```------------------------------------------------------------------------
-- The Agda standard library
--
-- An explanation about how mathematical hierarchies are laid out.
------------------------------------------------------------------------

{-# OPTIONS --warning noMissingDefinitions #-}

open import Data.Sum using (_⊎_)
open import Level using (Level; _⊔_; suc)
open import Relation.Binary using (_Preserves₂_⟶_⟶_)

private
variable
a b ℓ : Level
A : Set a

------------------------------------------------------------------------
-- Introduction
------------------------------------------------------------------------

-- One of the key design decisions facing the library is how to handle
-- mathematical hierarchies, e.g.
--   ∙ Binary relations: preorder → partial order → total order
--                                ↘ equivalence
--   ∙ Algebraic structures: magma → semigroup → monoid → group
--                                 ↘ band → semilattice
--
-- Some of the hierarchies in the library are:
--   ∙ Algebra
--   ∙ Function
--   ∙ Relation.Binary
--   ∙ Relation.Binary.Indexed
--
-- A given hierarchy `X` is always split into 4 seperate folders:
--   ∙ X.Core
--   ∙ X.Definitions
--   ∙ X.Structures
--   ∙ X.Bundles
-- all four of which are publicly re-exported by `X` itself.
--
--   ∙ X.Consequences
--   ∙ X.Constructs
--   ∙ X.Properties
--   ∙ X.Morphisms
--
-- Descriptions of these modules are now described below using the
-- running example of the `Relation.Binary` and `Algebra` hierarchies.

-- Note that we redefine everything here for illustrative purposes,
-- and that the definitions given below may be slightly simpler
-- than the real definitions in order to focus on the points being
-- discussed.

------------------------------------------------------------------------
-- Main hierarchy modules
------------------------------------------------------------------------

------------------------------------------------------------------------
-- X.Core

-- The Core module contains the basic units of the hierarchy.

-- For example for binary relations these are homoegeneous and
-- heterogeneous binary relations:

REL : Set a → Set b → (ℓ : Level) → Set (a ⊔ b ⊔ suc ℓ)
REL A B ℓ = A → B → Set ℓ

Rel : Set a → (ℓ : Level) → Set (a ⊔ suc ℓ)
Rel A ℓ = A → A → Set ℓ

-- and in Algebra these are unary and binary operators, e.g.

Op₁ : Set a → Set a
Op₁ A = A → A

Op₂ : Set a → Set a
Op₂ A = A → A → A

------------------------------------------------------------------------
-- X.Definitions

-- The Definitions module defines the various properties that the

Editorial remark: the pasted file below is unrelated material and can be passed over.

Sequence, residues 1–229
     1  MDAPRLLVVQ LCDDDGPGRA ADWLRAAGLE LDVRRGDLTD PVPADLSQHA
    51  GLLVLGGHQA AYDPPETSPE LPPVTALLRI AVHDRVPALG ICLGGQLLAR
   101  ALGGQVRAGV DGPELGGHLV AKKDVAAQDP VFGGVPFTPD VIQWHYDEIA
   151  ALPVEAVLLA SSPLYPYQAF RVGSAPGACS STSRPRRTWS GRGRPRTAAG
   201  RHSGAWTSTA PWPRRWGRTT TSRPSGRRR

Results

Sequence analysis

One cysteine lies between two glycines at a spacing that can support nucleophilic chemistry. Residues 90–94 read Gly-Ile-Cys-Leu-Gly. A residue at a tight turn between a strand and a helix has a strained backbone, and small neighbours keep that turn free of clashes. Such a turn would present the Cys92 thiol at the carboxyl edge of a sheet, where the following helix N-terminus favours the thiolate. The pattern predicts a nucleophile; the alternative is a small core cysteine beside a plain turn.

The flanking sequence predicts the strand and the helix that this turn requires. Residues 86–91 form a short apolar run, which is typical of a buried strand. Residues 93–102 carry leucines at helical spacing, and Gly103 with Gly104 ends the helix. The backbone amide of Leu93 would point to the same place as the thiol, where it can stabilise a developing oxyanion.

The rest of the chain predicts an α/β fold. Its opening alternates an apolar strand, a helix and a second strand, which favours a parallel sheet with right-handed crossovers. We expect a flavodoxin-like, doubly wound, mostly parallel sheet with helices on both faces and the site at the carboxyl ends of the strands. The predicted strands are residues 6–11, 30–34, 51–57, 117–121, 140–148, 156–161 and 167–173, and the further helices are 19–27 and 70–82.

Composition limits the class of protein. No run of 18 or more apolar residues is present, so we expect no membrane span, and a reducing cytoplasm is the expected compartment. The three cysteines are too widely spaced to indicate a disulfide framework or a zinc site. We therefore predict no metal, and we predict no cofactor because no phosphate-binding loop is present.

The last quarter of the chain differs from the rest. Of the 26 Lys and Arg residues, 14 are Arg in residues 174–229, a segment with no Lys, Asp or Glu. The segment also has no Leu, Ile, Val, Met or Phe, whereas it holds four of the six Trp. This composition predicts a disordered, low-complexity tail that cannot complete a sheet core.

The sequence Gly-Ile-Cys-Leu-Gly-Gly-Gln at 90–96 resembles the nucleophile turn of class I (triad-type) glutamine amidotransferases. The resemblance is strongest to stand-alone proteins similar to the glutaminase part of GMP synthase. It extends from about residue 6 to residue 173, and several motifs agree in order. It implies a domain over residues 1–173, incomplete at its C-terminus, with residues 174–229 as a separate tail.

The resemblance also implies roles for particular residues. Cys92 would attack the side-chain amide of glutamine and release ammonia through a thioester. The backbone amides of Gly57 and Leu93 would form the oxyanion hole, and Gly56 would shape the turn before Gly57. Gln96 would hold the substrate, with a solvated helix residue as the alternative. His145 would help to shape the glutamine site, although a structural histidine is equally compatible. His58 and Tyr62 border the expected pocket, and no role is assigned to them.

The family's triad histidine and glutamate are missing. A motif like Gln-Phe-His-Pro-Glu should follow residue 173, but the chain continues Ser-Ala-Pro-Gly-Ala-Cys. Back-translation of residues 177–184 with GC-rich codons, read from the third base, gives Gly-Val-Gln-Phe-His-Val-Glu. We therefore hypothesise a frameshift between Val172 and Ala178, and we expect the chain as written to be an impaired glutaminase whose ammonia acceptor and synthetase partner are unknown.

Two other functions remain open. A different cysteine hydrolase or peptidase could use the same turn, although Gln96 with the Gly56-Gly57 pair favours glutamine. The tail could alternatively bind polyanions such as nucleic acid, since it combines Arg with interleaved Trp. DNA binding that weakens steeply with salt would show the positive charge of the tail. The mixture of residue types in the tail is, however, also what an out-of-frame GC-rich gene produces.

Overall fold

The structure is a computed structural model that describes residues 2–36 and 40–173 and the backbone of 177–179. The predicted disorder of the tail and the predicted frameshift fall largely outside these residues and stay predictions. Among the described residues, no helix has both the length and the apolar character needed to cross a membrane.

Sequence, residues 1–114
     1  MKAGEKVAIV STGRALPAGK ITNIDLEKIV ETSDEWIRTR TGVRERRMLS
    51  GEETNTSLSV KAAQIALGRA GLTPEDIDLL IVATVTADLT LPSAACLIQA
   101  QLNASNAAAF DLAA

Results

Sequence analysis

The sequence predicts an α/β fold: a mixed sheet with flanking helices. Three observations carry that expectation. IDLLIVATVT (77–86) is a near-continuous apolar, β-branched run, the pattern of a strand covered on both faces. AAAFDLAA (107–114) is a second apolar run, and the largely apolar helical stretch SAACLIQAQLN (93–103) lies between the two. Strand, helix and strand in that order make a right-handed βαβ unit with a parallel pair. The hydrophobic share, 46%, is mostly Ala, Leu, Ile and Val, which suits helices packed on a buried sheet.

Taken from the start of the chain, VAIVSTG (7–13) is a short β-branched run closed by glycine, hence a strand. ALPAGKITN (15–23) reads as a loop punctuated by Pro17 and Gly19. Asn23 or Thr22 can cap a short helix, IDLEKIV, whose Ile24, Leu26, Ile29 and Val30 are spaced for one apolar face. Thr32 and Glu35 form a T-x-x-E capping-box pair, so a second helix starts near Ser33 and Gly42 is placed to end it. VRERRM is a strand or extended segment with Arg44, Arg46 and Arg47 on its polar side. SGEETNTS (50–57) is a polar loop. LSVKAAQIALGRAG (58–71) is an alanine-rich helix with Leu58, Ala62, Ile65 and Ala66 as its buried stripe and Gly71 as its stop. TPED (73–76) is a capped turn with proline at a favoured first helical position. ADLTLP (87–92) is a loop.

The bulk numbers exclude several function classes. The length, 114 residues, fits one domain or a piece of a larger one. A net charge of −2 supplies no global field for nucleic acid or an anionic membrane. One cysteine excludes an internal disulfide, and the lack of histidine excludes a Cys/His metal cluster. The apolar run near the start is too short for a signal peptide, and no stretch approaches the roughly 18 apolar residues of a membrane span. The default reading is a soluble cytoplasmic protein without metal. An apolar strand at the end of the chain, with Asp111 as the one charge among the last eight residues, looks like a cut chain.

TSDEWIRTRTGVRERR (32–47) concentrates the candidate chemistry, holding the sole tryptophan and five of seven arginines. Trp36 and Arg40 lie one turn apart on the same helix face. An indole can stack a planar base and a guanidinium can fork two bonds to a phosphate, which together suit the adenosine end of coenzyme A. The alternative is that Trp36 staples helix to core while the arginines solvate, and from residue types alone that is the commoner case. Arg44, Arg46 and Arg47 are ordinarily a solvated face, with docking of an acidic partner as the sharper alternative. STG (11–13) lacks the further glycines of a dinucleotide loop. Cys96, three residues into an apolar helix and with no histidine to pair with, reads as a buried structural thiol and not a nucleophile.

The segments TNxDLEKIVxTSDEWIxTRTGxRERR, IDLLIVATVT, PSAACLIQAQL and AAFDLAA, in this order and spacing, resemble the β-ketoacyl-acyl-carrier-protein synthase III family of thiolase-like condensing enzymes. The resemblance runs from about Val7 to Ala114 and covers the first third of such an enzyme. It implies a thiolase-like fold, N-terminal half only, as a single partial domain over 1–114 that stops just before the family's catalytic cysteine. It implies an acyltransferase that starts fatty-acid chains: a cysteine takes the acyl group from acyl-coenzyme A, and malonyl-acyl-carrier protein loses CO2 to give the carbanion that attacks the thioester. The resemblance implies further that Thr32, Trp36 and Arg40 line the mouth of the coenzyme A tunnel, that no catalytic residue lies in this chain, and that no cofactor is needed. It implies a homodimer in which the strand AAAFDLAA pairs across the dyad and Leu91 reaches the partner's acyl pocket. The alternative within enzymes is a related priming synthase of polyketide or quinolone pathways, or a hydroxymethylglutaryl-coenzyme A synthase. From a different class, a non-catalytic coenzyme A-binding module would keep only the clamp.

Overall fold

-- basic units of the hierarchy may have.

-- For example in Relation.Binary this includes reflexivity,
-- transitivity etc.

Reflexive : Rel A ℓ → Set _
Reflexive _∼_ = ∀ {x} → x ∼ x

Symmetric : Rel A ℓ → Set _
Symmetric _∼_ = ∀ {x y} → x ∼ y → y ∼ x

Transitive : Rel A ℓ → Set _
Transitive _∼_ = ∀ {x y z} → x ∼ y → y ∼ z → x ∼ z

Total : Rel A ℓ → Set _
Total _∼_ = ∀ x y → x ∼ y ⊎ y ∼ x

-- For example in Algebra these are associativity, commutativity.
-- Note that all definitions for Algebra are based on some notion of
-- underlying equality.

Associative : Rel A ℓ → Op₂ A → Set _
Associative _≈_ _∙_ = ∀ x y z → ((x ∙ y) ∙ z) ≈ (x ∙ (y ∙ z))

Commutative : Rel A ℓ → Op₂ A → Set _
Commutative _≈_ _∙_ = ∀ x y → (x ∙ y) ≈ (y ∙ x)

LeftIdentity : Rel A ℓ → A → Op₂ A → Set _
LeftIdentity _≈_ e _∙_ = ∀ x → (e ∙ x) ≈ x

RightIdentity : Rel A ℓ → A → Op₂ A → Set _
RightIdentity _≈_ e _∙_ = ∀ x → (x ∙ e) ≈ x

-- Note that the types in `Definitions` modules are not meant to express
-- the full concept on their own. For example the `Associative` type does
-- not require the underlying relation to be an equivalence relation.
-- Instead they are designed to aid the modular reuse of the core
-- concepts. The complete concepts are captured in various
-- structures/bundles where the definitions are correctly used in
-- context.

------------------------------------------------------------------------
-- X.Structures

-- When an abstract hierarchy of some sort (for instance semigroup →
-- monoid → group) is included in the library the basic approach is to
-- specify the properties of every concept in terms of a record
-- containing just properties, parameterised on the underlying
-- sets, relations and operations. For example:

record IsEquivalence {A : Set a}
(_≈_ : Rel A ℓ)
: Set (a ⊔ ℓ)
where
field
refl  : Reflexive _≈_
sym   : Symmetric _≈_
trans : Transitive _≈_

-- More specific concepts are then specified in terms of the simpler
-- ones:

record IsMagma {A : Set a} (≈ : Rel A ℓ) (∙ : Op₂ A) : Set (a ⊔ ℓ) where
field
isEquivalence : IsEquivalence ≈